Informations and abstract
Keywords: ILOAT; A. v ICC; duty of care; remedies; access to justice; reparations.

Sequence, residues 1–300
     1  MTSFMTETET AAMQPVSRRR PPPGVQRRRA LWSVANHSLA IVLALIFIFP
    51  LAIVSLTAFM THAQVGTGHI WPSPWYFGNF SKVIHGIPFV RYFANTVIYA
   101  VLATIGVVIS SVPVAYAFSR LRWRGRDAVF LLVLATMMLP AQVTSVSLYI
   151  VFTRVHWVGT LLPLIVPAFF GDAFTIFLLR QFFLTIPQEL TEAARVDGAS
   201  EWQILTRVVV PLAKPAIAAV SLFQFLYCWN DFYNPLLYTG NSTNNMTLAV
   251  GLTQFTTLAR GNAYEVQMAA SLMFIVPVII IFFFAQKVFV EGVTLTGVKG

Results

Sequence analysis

The judgment issued by the International Labour Organization Administrative Tribunal (ILOAT) in the case of A. v. ICC – in which the complainant sought compensation for damages related to her arrest and detention in Libya while there on an International Criminal Court’s (ICC) mission − un-doubtedly enhances the current debate on the duty of care of international organizations (IOs) to-wards their personnel. At the same time, the judgment offers an opportunity to reflect more broad-ly on a number of interesting features concerning victims’ rights under international administrative law. Since international organizations usually enjoy immunity before domestic courts, international administrative tribunals (IATs) are called to provide IOs’ personnel with an alternative route to justice. This article analyses IATs’ recent developments and case law as they show − and A. v. ICC contributes to consolidating the trend − a growing recognition of victims’ rights and needs. Hence, the goal of this article is to discuss victims’ remedies before IATs, focussing on two main issues, i.e., the compliance of IATs, and especially the ILOAT, with international human rights standards on access to justice; and the forms of reparation awarded by IATs, in particular in cases dealing with breaches of IOs’ duty of care.